Delgado Benched Tonight, Maybe More

New York Mets first baseman Carlos Delgado before a Mets/Devil Rays spring training game at Tropicana Field in St. Petersburg, Florida.

Image via Wikipedia

Willie Randolph said prior to tonight’s game that he’s giving Carlos Delgado some time to clear his head. He may sit out tomorrow night as well. Delgado has been killing the Mets for most of this season and last year. He just appears to be “done”. He can’t get around on inside fastballs anymore and frequently can’t get to high pitches.

I have to think that his decision came out of the meeting between Randolph, Omar Minaya, and the Wilpons yesterday. Hopefully, they’re working on a plan for a permanent solution to Delgado’s two year long lack of productivity. Scott Hatteberg, designated for assignment by the Reds today, might be a good start.

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2 thoughts on “Delgado Benched Tonight, Maybe More

  1. thebloggersbeat

    Carlos Delgado’s Effort Sums it all Up:Please allow me to paint a painful picture for all to comprehend, and then I want to read all of your responses to the distasteful image that I unfortunately witnessed. Tuesday, 5.20.2008, Mets v. Braves, bottom of the 3rd-inning, 1-out, 2-0 Bravos. I'm writing about an absolute, unprofessional, inexcusable, bush-league effort towards a ground ball hit to Delgado’s right during the bottom of the 3rd-inning. They had a runner on-base, so there was potential for an inning-ending double-play. Needless to say, the ball hit towards Delgado was far from a rocket, and produced such a lackluster effort that Delgado seemed scared about diving and getting his clean jersey dirty. I analyzed the play by seeing it on live television, in addition to instant replay’s played by the SNY Camera Crew. The absolute only player who can punch a free ticket to forgiveness, and easily get away with such lifeless efforts at first-base is Ryan Howard. Let’s face it, Ryan Howard and Gold Glove will not be used in the same sentence, yet, Phillies fans can probably care less about his glove work. Ryan Howard produces with his bat – and that’s the precise difference between Delgado and Howard. I would not have thought to write this article if Delgado was an offensive leader who we could rely on day-in and day-out. I am instead left with a continuance of my article brought about by a single play from Tuesday’s game. The Bravos ended-up scoring again and again during the inning, which left the Metropolitans down 4-0, and left Delgado with a shiny, clean-as-a-whistle jersey. The rest is history. Delgado’s effort added some grease to the pan of how I have a difficult time with professional athletes who settle for going through the motions. I understand how Delgado may not completely care for the New York fans; having said that, the athletes we look-up to and admire should at least want it badly enough for their teammates sake. Furthermore, Delgado made his value match-up well with his age – they’re both getting old. Please understand, that behind the long-time-no-see fist-pumping first-baseman, there is still a player who can drive a ball over any outfield wall – even the green monster. And that’s why I can see Delgado back in the American League as a DH. Nevertheless, as a current NY Met, Delgado and Tuesday’s defensive effort mirrored the players and coaches uncaring body language that has to change now.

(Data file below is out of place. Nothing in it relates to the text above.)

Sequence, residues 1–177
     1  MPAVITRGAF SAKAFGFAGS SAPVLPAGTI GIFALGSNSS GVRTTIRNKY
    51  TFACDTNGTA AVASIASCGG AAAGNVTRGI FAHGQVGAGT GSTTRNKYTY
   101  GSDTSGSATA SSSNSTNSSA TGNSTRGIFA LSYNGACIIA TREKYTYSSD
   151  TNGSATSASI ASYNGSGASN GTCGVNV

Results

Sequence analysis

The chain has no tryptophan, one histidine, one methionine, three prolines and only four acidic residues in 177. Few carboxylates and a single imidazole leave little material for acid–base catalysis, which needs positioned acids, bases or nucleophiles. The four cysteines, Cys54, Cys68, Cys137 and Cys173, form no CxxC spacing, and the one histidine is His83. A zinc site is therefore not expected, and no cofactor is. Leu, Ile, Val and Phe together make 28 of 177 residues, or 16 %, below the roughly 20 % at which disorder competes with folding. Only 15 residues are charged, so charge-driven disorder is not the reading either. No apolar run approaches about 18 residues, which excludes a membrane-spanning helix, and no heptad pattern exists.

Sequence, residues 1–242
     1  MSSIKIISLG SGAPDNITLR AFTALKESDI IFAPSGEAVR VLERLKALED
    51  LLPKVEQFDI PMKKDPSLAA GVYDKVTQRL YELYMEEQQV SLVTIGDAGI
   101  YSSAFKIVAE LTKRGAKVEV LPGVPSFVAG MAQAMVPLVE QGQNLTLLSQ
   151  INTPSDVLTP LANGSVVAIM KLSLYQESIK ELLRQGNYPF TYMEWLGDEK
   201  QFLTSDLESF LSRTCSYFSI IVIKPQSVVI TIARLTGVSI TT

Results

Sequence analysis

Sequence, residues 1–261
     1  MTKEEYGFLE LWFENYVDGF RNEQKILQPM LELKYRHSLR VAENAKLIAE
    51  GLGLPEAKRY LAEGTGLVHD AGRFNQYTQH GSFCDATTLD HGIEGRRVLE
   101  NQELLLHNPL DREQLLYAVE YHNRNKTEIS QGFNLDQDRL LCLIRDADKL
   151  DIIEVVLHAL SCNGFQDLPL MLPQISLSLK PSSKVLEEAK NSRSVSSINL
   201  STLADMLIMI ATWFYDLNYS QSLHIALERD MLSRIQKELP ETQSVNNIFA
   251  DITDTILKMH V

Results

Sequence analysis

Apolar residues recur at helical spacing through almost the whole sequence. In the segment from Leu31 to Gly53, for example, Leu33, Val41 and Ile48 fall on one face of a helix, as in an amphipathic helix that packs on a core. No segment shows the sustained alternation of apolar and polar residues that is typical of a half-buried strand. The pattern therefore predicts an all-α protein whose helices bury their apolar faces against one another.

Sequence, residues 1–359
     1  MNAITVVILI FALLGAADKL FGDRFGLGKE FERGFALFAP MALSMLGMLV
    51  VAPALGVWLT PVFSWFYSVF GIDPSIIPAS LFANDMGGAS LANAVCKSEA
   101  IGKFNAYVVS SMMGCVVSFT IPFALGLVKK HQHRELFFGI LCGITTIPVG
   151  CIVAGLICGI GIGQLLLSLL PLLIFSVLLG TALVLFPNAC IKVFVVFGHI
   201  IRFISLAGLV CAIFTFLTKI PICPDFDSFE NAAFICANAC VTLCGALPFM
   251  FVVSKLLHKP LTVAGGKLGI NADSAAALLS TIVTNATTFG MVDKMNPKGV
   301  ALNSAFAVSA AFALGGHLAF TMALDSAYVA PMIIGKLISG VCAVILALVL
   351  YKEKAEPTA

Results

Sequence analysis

2. thebloggersbeat

    Carlos Delgado’s Effort Sums it all Up:Please allow me to paint a painful picture for all to comprehend, and then I want to read all of your responses to the distasteful image that I unfortunately witnessed. Tuesday, 5.20.2008, Mets v. Braves, bottom of the 3rd-inning, 1-out, 2-0 Bravos. I'm writing about an absolute, unprofessional, inexcusable, bush-league effort towards a ground ball hit to Delgado’s right during the bottom of the 3rd-inning. They had a runner on-base, so there was potential for an inning-ending double-play. Needless to say, the ball hit towards Delgado was far from a rocket, and produced such a lackluster effort that Delgado seemed scared about diving and getting his clean jersey dirty. I analyzed the play by seeing it on live television, in addition to instant replay’s played by the SNY Camera Crew. The absolute only player who can punch a free ticket to forgiveness, and easily get away with such lifeless efforts at first-base is Ryan Howard. Let’s face it, Ryan Howard and Gold Glove will not be used in the same sentence, yet, Phillies fans can probably care less about his glove work. Ryan Howard produces with his bat – and that’s the precise difference between Delgado and Howard. I would not have thought to write this article if Delgado was an offensive leader who we could rely on day-in and day-out. I am instead left with a continuance of my article brought about by a single play from Tuesday’s game. The Bravos ended-up scoring again and again during the inning, which left the Metropolitans down 4-0, and left Delgado with a shiny, clean-as-a-whistle jersey. The rest is history. Delgado’s effort added some grease to the pan of how I have a difficult time with professional athletes who settle for going through the motions. I understand how Delgado may not completely care for the New York fans; having said that, the athletes we look-up to and admire should at least want it badly enough for their teammates sake. Furthermore, Delgado made his value match-up well with his age – they’re both getting old. Please understand, that behind the long-time-no-see fist-pumping first-baseman, there is still a player who can drive a ball over any outfield wall – even the green monster. And that’s why I can see Delgado back in the American League as a DH. Nevertheless, as a current NY Met, Delgado and Tuesday’s defensive effort mirrored the players and coaches uncaring body language that has to change now.

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